What Does It Look Like to File a Medical Malpractice Lawsuit in Michigan?

If you or a loved one has experienced harm due to the negligence of a doctor or other medical professional, you may have a strong malpractice case on your hands. Understanding what steps you need to take, and what you will experience, in a medical malpractice lawsuit will help you know what to expect. When done right, a malpractice suit can help cover your medical expenses, lost wages, pain and suffering damages, and more, so make sure you know how to handle this important process.

Notice of Intent to Sue

In the state of Michigan, all medical malpractice lawsuits must start by having a Notice of Intent to Sue, often simply referred to as the Notice of Intent or NOI, served to the prospective defendant(s). This notice must be issued a minimum of 182 days prior to filing the actual suit, so the sooner this is done the faster you can move forward with the lawsuit. While you have two years to file a medical malpractice action, serving the NOI will pause the statute of limitations for 182 days as well, so there is no need to be concerned with that.

Possible Settlement

Many medical malpractice cases never actually make it to court. If the defense sees that your case is reasonable, or they fear the court or a jury will, it may want to settle. Settling a case will limit the risk on the defendant’s side and also guarantees a set payout for you. You and your attorney can negotiate with the opposing party to try to come up with a reasonable amount to settle the case.

Going to Court

If no settlement can be reached, the case will head to court. Both parties will present their arguments and the courts will issue a ruling, or a jury trial may occur. Judges and juries have quite a bit of leeway when it comes to deciding how much in damages they will issue, which is one big reason why insurance companies often want to settle.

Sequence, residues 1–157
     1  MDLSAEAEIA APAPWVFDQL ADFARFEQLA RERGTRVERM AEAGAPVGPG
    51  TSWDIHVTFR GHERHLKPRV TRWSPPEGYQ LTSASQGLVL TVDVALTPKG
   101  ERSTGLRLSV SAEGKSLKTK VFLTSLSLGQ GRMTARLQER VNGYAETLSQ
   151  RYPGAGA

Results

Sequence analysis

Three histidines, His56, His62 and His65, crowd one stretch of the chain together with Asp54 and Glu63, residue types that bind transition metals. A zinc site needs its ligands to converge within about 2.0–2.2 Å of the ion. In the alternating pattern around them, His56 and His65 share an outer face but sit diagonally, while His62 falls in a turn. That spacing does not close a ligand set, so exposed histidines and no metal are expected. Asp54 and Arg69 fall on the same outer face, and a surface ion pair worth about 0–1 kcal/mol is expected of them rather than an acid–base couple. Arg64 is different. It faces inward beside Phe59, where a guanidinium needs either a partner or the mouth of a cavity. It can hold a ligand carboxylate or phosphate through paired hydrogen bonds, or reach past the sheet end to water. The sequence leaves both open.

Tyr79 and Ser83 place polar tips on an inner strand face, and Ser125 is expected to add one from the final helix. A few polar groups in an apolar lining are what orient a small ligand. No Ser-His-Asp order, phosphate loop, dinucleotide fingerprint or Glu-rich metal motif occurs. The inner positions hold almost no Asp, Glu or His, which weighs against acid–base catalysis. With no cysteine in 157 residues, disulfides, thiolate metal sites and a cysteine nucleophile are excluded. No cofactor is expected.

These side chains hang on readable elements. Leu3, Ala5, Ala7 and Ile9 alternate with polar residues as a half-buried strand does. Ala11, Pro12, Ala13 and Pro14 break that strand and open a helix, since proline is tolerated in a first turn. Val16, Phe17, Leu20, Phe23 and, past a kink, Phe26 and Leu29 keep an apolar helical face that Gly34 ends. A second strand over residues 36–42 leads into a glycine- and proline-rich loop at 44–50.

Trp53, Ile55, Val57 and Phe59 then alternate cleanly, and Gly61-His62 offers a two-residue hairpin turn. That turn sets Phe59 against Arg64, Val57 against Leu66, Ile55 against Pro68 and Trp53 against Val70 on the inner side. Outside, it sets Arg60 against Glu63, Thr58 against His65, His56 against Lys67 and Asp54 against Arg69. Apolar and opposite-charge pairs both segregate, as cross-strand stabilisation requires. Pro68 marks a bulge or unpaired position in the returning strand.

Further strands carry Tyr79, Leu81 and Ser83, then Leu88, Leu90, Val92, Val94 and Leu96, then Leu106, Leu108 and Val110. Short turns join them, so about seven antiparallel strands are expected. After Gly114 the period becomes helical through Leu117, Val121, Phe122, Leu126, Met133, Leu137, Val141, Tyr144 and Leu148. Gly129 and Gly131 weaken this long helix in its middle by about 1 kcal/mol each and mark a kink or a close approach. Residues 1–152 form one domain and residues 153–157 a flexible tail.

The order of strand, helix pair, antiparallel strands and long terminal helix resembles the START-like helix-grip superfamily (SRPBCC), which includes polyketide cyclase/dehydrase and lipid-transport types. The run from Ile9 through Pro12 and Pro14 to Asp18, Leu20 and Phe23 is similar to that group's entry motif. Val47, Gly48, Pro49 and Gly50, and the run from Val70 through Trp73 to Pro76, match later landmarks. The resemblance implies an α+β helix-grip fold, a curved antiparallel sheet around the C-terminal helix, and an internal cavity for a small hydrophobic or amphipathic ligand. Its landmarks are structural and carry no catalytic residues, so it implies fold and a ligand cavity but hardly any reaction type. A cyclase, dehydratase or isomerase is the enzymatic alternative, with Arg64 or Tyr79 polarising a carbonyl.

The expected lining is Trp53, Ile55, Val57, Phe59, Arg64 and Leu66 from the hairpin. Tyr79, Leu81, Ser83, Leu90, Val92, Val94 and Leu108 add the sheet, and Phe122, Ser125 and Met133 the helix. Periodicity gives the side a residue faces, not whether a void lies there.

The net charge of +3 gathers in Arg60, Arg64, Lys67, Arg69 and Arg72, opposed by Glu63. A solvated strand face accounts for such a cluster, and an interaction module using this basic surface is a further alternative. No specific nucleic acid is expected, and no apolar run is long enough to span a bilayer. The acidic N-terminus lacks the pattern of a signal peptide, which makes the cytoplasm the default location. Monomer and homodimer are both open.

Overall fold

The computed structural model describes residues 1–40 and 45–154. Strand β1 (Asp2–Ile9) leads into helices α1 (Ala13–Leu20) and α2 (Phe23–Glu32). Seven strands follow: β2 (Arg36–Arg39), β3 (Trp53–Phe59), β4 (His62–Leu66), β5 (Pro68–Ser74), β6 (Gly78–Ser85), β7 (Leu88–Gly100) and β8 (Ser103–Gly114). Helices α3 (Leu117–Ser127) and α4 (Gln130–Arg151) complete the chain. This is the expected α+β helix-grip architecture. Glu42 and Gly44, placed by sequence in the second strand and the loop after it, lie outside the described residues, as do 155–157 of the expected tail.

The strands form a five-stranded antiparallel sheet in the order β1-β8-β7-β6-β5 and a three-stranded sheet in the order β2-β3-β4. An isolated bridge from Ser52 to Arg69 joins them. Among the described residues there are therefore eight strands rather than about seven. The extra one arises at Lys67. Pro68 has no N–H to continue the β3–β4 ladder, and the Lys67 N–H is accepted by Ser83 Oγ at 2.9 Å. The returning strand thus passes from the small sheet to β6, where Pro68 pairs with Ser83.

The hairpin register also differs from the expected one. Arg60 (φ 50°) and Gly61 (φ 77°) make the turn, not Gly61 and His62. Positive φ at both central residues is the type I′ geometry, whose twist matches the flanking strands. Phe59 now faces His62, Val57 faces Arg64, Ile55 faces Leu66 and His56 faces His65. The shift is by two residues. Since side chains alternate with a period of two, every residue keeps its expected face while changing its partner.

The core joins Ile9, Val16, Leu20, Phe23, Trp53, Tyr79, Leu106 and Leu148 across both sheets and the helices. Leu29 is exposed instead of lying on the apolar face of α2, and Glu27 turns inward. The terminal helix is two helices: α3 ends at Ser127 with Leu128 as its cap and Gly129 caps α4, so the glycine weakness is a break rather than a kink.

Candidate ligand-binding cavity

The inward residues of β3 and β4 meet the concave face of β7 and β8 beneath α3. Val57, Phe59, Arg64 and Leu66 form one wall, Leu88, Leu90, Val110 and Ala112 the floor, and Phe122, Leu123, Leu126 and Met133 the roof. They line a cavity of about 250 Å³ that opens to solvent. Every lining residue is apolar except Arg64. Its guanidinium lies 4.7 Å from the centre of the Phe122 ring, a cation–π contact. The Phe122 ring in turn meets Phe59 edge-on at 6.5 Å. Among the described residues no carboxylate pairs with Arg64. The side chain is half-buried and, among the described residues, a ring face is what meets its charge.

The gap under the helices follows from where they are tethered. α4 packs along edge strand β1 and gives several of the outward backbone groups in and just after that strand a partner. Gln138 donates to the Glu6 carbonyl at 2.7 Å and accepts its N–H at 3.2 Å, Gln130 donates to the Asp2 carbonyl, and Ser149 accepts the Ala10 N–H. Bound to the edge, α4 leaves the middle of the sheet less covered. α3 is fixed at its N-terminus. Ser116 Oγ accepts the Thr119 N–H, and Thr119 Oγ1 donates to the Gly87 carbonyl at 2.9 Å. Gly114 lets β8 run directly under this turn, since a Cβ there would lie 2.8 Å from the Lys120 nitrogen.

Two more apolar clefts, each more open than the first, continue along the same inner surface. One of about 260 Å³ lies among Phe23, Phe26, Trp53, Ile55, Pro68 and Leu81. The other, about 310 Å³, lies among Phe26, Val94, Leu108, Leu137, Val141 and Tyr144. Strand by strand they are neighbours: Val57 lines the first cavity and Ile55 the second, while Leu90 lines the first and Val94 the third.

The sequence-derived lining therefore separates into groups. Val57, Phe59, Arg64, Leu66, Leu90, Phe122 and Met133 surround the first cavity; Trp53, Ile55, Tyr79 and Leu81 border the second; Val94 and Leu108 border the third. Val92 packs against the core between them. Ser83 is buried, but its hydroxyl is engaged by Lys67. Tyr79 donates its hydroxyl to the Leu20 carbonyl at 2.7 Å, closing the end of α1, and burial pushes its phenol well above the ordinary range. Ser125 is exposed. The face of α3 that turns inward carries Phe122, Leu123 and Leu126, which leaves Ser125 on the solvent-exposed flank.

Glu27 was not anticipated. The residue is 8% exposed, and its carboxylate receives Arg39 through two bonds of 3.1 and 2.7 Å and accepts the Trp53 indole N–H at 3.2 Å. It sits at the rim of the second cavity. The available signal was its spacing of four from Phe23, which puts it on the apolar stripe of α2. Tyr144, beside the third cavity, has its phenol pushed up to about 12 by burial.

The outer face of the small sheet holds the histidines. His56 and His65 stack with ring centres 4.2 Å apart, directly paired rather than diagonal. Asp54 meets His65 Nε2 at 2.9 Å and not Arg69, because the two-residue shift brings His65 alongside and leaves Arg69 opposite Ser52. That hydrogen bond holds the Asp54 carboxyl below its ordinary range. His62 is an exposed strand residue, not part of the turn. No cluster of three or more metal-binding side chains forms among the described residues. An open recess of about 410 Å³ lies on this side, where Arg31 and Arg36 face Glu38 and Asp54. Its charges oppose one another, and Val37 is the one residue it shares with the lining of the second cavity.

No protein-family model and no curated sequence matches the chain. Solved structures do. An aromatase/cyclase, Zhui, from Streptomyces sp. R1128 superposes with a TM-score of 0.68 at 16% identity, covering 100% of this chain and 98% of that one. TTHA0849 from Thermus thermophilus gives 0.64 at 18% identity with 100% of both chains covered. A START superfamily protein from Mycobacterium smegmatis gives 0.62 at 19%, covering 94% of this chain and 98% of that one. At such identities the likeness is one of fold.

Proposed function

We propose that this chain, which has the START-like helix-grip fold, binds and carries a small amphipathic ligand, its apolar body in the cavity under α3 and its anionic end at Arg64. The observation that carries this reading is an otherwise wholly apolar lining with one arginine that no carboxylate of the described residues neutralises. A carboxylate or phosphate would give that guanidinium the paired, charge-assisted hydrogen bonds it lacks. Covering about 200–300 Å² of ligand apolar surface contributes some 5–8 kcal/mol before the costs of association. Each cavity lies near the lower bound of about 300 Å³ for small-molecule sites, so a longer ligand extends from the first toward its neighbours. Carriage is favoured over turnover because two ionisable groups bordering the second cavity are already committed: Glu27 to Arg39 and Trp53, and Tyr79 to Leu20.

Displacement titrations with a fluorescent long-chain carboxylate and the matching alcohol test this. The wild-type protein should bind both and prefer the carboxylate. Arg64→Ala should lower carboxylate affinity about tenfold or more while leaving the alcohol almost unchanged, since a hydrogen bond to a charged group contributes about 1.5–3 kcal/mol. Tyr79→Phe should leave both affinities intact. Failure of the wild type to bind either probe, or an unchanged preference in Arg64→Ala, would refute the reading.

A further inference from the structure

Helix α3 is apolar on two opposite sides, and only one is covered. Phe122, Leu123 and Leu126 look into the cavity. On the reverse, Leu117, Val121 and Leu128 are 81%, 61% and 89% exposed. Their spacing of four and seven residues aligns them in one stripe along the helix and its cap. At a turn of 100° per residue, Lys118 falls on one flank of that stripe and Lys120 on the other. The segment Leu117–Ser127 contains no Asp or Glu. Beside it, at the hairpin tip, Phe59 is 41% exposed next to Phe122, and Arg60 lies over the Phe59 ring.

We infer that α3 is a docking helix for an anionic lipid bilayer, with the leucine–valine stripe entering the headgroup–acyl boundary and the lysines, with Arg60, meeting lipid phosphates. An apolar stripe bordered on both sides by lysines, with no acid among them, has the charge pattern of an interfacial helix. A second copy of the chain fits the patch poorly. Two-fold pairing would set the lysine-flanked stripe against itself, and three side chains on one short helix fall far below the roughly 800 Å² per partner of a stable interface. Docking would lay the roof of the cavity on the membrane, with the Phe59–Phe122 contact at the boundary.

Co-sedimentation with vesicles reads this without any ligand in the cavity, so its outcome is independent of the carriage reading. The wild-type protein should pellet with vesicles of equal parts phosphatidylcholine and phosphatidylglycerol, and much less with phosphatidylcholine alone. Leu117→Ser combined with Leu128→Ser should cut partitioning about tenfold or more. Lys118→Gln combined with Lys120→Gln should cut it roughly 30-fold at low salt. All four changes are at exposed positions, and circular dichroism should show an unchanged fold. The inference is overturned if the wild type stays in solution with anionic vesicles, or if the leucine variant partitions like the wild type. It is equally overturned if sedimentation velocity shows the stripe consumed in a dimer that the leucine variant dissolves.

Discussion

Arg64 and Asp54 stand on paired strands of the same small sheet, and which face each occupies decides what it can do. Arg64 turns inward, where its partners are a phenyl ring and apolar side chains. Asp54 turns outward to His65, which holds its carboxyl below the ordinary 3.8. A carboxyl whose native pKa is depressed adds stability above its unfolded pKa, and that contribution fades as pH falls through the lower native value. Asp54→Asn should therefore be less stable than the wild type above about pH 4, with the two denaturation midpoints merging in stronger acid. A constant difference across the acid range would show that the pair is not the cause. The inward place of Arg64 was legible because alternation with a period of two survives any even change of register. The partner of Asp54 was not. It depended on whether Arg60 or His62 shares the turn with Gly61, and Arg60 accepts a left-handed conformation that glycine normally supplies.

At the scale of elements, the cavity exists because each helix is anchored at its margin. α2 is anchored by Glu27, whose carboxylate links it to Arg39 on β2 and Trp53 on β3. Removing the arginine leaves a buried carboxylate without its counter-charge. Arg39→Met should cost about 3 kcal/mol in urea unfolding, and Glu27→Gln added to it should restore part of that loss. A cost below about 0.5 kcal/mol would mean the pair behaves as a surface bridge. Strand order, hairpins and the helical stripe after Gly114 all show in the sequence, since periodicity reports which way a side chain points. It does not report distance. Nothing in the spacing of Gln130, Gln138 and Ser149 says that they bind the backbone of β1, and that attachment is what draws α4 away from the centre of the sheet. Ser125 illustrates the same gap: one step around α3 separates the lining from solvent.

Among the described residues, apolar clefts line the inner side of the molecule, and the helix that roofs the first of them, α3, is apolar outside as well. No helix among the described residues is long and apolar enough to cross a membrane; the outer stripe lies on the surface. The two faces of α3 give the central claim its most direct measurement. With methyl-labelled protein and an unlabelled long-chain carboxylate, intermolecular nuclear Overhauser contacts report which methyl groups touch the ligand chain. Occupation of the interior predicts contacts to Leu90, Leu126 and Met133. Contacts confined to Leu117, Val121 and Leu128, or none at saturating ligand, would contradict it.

Affidavit of Merit & Filing the Lawsuit

When you file the lawsuit, you will also need to provide an affidavit of merit. This is a document that is filled out by a qualified health care professional who has reviewed your case and agrees that it has merit. This requirement is essentially a procedural hoop to jump through, which is designed to weed out any frivolous lawsuits from actually making it to court. Along with this affidavit, you will actually file the lawsuit itself, which will lay out your complaints and why you feel the medical professional named is responsible.

Seeking Evidence to Support Your Claims

After the lawsuit has been filed, the “discovery” process will begin. This is where all of the medical records, interviews with potential witnesses, and other steps will take place. Much of this work will be done by your attorney. During this time, you and your attorney will also be deciding what a reasonable settlement amount is so that you can begin negotiating with the defense attorney or insurance company, if necessary. This process can take anywhere from six months to more than a year in some cases.

Never Handle Medical Malpractice on Your Own

Medical malpractice cases are among the most complex and difficult in the legal field, and the time period in which you have to file is strict. Even attorneys and judges can have difficulty interpreting the laws. You do not want to try to handle this on your own. Contact attorney Carla D. Aikens to get help from a lawyer who will fight for you.